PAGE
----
Sunday, January 06, 2019

Fortnightly Book, January 6

The Lion all began with a picture of a Faun carrying an umbrella and parcels in a snowy wood. This picture had been in my mind since I was about sixteen. Then one day, when I was about forty, I said to myself: 'Let's try to make a story about it.'

[C. S. Lewis, "It All Began with a Picture...", On Stories, and Other Essays in Literature, HarperOne (San Francisco: 2017) pp. 79-80.]

The next fortnightly book will be The Chronicles of Narnia, all seven books. The series got its name from Roger Lancelyn Green around the time of the publication of The Silver Chair.

There is, of course, the question of the order in which they should be read. There are three orders that are immediately on the table:

Order of Writing
The Lion, the Witch, and the Wardrobe
Prince Caspian
The Dawn Treader
The Horse and His Boy
The Silver Chair
The Last Battle
The Magician's Nephew

Order of Publication
The Lion, the Witch, and the Wardrobe
Prince Caspian
The Dawn Treader
The Silver Chair
The Horse and His Boy
The Magician's Nephew
The Last Battle

Internal Chronological Order
The Magician's Nephew
The Lion, the Witch, and the Wardrobe
The Horse and His Boy
Prince Caspian
The Dawn Treader
The Silver Chair
The Last Battle

Lewis himself, in response to a young fan asking whether the internal or the publication order was the better order for reading, said that possibly it did not matter, since the whole series wasn't planned out beforehand. He's usually thought to have preferred the internal order, but I think his actual comments are more ambiguous than that; others have noted that he never changed the order of the series himself. I remember when I was in elementary school that librarians were plugging the internal order, and this has become common today. However, there seems to me to be a fundamental problem with the internal order: the entry into Narnia should be by wardrobe. The story structurally works better if it begins in medias res, in the thick of the tale. (For one thing, The Magician's Nephew works better paired with The Last Battle as a sort of higher-order comment on the rest, especially since the story makes more sense on assumption of familiarity with Narnia.) And the whole thing began with a picture about Faun. I just can't get on board with an order that doesn't start with The Lion, the Witch, and the Wardrobe.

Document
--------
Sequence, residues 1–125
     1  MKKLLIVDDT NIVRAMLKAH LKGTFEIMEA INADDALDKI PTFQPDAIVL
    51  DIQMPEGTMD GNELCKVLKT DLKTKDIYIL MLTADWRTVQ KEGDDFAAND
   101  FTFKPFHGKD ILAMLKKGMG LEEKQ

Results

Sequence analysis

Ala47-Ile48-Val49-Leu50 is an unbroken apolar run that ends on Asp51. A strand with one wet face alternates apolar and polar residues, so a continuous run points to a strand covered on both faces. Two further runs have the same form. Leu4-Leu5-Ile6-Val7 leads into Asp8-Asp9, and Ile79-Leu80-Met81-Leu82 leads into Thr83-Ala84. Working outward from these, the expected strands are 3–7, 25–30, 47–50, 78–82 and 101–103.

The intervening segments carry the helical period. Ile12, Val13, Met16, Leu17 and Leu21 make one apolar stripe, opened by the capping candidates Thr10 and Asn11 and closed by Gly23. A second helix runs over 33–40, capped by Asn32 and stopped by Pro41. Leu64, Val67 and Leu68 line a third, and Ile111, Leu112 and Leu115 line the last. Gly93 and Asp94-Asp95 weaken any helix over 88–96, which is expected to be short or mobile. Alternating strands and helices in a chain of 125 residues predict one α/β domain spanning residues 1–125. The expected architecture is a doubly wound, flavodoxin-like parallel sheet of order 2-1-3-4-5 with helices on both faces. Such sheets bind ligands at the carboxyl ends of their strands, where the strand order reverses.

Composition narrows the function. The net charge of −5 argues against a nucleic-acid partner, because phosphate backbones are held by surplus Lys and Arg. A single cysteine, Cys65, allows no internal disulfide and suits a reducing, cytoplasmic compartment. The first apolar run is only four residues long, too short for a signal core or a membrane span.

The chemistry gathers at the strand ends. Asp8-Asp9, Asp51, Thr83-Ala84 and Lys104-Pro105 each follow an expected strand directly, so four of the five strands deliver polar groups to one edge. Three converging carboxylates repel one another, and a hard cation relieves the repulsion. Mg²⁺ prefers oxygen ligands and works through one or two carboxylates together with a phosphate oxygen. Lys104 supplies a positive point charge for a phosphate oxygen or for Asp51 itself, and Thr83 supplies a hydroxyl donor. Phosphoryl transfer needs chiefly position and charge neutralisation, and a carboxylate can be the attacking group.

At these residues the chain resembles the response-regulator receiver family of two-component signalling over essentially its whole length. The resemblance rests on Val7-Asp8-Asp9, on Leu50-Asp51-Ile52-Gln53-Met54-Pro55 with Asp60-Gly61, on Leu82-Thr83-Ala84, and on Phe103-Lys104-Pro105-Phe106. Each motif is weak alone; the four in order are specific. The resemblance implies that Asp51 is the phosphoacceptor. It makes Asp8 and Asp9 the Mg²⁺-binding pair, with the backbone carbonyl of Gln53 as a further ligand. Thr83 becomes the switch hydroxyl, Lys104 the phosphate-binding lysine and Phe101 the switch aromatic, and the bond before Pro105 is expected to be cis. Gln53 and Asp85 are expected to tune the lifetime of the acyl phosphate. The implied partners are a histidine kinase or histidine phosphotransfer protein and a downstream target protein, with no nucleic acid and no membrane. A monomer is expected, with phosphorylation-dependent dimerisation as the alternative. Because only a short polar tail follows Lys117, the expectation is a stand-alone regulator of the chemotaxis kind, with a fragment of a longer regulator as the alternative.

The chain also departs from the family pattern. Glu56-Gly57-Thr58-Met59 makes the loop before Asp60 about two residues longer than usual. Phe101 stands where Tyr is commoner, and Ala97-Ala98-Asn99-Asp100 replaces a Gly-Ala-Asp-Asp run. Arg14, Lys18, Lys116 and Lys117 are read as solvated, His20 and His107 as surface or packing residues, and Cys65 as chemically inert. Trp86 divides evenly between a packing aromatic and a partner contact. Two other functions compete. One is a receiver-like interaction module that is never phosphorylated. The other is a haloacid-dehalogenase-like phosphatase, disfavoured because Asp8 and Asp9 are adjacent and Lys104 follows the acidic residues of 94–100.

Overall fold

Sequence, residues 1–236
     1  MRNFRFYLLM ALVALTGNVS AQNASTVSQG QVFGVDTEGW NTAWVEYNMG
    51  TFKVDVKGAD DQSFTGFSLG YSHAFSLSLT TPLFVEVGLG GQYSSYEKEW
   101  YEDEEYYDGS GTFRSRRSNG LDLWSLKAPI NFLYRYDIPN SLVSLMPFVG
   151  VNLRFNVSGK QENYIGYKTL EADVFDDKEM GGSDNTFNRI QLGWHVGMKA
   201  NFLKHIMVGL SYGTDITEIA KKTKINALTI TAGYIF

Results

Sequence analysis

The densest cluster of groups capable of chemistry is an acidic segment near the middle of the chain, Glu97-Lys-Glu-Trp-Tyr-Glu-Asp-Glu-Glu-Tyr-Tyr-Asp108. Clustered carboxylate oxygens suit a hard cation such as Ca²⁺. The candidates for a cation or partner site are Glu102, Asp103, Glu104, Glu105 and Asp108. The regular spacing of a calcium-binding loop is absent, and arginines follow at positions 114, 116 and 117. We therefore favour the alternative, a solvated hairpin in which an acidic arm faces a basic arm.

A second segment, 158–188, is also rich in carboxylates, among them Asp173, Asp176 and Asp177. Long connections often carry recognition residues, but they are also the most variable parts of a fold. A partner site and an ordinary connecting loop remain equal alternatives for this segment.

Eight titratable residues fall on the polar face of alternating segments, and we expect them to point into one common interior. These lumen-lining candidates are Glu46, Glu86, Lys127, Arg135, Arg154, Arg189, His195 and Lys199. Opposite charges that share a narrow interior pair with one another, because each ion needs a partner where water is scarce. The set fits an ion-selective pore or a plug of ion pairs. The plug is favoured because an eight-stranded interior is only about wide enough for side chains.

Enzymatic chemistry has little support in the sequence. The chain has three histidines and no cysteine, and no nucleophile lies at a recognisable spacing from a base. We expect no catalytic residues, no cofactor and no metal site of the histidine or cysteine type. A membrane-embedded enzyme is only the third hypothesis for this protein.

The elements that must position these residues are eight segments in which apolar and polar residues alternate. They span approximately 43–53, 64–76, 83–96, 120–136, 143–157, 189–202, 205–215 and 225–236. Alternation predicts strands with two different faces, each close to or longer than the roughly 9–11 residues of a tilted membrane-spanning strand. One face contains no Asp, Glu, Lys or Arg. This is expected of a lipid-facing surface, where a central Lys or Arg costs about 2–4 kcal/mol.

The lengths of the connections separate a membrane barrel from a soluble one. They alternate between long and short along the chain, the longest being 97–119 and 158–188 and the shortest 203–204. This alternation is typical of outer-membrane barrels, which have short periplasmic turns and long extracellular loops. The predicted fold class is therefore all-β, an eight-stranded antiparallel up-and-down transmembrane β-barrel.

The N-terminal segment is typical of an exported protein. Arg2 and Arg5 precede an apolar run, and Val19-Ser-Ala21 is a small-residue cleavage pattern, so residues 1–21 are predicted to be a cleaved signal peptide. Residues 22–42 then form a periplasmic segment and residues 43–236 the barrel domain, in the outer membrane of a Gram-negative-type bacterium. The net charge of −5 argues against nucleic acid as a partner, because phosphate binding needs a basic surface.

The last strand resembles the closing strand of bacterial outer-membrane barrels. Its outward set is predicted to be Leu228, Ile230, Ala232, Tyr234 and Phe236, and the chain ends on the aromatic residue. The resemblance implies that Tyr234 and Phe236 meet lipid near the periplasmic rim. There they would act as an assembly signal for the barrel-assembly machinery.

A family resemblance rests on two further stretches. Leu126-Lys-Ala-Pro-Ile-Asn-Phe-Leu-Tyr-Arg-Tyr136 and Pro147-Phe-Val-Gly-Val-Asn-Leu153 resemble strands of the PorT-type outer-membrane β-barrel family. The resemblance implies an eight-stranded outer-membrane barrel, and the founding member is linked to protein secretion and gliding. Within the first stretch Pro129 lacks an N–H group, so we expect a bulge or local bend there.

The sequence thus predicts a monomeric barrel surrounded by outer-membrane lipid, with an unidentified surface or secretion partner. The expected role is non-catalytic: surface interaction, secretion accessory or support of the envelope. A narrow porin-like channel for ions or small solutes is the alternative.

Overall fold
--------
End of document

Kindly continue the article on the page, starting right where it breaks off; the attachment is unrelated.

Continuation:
But it is true that Lewis was not primarily concerned with matters of order. So I think for this reading I will go with the order in which Lewis is generally thought to have written the books, in which the beginning of the tale is the end of the series. It also has the benefit that The Dawn Treader and The Horse and His Boy pair very well (adventure from and to Narnia), as do The Silver Chair and The Last Battle (the darker books of the series, both concerned with deception).

Somewhere I have the Focus on the Family adaptation on CD, so I might dig those out for a re-hearing.

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